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Notaden melanoscaphus

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Taxonomy [top]

Kingdom Phylum Class Order Family
ANIMALIA CHORDATA AMPHIBIA ANURA LIMNODYNASTIDAE

Scientific Name: Notaden melanoscaphus
Species Authority: Hosmer, 1962
Common Name(s):
English Northern Spadefoot Toad

Assessment Information [top]

Red List Category & Criteria: Least Concern ver 3.1
Year Published: 2004
Date Assessed: 2004-04-30
Assessor(s): Jean-Marc Hero, Paul Horner, Dale Roberts
Reviewer(s): Global Amphibian Assessment Coordinating Team (Simon Stuart, Janice Chanson and Neil Cox)
Justification:
Listed as Least Concern in view of its wide distribution, presumed large population, and because its population is not believed to be in decline at present.
History:
2002 Least Concern

Geographic Range [top]

Range Description: This Australian endemic is known from the northwestern Kimberley region of Western Australia, northern Northern Territory and into Cape York Peninsula of Queensland. It is also known from the Townsville region in Queensland. This region is very flat so the species is known only from low elevations. The extent of occurrence of the species is approximately 772,000km2.
Countries:
Native:
Australia
Range Map: Click here to open the map viewer and explore range.

Population [top]

Population: It is a common species.
Population Trend: Stable

Habitat and Ecology [top]

Habitat and Ecology: The species is found in sparsely timbered savannah, sclerophyll woodland and grassland on clay soils. It spends most of its life buried underground and emerges only after heavy rain when it can be found on low-lying swampy ground, which remains saturated after rain. It breeds after heavy rains in shallow flooded areas. Males call whilst floating in water and their bodies are inflated with air from their distended lungs. About 500-1400 eggs are laid in long chains tangled in submerged vegetation. Tadpoles hatch and complete development in 8 weeks.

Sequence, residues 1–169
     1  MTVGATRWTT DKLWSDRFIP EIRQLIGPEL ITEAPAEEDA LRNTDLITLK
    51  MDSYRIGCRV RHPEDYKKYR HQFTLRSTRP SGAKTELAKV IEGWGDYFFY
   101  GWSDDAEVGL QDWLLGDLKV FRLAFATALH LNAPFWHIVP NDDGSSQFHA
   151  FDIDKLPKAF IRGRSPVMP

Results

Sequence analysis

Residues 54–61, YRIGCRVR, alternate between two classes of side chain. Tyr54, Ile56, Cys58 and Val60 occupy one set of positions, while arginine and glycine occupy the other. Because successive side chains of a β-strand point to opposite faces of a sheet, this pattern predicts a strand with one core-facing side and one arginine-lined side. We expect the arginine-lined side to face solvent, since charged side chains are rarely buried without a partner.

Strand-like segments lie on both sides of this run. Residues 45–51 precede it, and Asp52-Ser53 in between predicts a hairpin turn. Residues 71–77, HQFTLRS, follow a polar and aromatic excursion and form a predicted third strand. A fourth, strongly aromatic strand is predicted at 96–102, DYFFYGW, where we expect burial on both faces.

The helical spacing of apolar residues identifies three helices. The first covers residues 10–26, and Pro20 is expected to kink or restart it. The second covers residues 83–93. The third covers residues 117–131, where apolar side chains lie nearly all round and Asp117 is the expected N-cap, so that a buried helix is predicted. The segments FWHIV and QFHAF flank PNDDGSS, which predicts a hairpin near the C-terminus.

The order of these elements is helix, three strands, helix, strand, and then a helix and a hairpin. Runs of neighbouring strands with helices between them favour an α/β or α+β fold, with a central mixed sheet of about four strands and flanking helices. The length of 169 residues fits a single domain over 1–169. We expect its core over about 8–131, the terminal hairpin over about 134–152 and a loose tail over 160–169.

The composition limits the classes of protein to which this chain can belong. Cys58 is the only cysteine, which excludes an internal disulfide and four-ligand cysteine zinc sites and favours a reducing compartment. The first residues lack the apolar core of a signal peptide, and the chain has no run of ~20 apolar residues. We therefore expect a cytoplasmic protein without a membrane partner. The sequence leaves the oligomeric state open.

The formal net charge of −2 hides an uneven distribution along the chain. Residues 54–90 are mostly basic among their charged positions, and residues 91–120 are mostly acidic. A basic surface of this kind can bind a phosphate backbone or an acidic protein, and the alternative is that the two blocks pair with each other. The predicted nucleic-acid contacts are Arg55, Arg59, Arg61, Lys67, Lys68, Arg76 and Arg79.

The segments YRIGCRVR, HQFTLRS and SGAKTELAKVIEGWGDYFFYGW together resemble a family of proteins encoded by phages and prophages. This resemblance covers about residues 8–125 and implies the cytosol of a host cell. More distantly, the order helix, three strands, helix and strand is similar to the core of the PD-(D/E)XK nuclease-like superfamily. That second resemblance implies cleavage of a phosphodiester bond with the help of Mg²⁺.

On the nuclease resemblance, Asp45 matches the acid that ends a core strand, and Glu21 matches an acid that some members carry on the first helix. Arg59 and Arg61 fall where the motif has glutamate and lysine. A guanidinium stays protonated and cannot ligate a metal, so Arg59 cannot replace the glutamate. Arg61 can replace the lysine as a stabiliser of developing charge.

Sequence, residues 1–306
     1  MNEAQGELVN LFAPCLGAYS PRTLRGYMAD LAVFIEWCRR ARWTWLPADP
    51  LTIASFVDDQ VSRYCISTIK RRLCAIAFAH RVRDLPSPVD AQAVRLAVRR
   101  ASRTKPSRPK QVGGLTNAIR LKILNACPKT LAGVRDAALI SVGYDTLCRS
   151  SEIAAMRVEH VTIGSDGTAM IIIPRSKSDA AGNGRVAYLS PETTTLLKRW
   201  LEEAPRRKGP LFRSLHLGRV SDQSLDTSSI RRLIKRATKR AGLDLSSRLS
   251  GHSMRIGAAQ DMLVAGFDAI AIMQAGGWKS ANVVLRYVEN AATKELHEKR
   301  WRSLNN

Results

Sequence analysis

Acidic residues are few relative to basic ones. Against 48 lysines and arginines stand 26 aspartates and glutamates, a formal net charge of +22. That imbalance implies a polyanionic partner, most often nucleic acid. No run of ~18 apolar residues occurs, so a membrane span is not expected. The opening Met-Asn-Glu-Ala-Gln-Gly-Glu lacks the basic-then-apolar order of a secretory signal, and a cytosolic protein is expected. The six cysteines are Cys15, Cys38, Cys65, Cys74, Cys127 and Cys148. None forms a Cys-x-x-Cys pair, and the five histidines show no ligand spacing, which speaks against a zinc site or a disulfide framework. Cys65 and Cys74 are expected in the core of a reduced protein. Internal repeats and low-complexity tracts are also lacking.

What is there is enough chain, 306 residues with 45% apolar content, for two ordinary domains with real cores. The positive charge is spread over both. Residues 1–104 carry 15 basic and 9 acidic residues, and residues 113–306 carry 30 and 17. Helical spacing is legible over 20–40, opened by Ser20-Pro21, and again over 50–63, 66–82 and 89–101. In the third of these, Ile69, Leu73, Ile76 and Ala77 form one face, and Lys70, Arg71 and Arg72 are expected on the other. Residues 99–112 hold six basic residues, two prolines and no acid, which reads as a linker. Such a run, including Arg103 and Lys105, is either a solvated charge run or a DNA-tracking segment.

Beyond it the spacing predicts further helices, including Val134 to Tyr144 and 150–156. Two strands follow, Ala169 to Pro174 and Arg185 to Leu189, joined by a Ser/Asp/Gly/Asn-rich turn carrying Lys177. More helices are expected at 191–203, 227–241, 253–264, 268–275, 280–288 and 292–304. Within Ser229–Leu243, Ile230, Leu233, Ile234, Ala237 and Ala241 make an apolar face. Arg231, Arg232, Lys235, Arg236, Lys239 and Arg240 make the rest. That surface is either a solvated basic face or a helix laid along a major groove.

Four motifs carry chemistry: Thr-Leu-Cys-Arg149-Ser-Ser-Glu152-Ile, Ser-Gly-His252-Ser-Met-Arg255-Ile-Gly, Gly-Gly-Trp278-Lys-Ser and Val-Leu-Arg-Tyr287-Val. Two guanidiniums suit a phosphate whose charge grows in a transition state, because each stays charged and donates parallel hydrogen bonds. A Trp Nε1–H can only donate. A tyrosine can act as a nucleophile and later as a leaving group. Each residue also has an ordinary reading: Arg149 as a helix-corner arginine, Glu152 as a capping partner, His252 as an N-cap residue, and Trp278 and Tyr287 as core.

Systems: Terrestrial; Freshwater

Threats [top]

Major Threat(s): There are no major threats to this species.

Conservation Actions [top]

Conservation Actions: The range of the species overlaps several protected areas.

Bibliography [top]

Barker, J., Grigg, G. and Tyler, M. 1995. A Field Guide to Australian Frogs. Surrey Beatty and Sons Pty Ltd, New South Wales.

Cogger, H.G. 1992. Reptiles and Amphibians of Australia. Reed Books, New South Wales.

IUCN. 2004. 2004 IUCN Red List of Threatened Species. www.iucnredlist.org. Downloaded on 23 November 2004.

Tyler, M.J., Smith, L.A. and Johnstone, R.E. 1994. Frogs of Western Australia. Western Australian Museum, Perth.


Citation: Jean-Marc Hero, Paul Horner, Dale Roberts 2004. Notaden melanoscaphus. The IUCN Red List of Threatened Species. Version 2014.2. <www.iucnredlist.org>. Downloaded on 27 August 2014.
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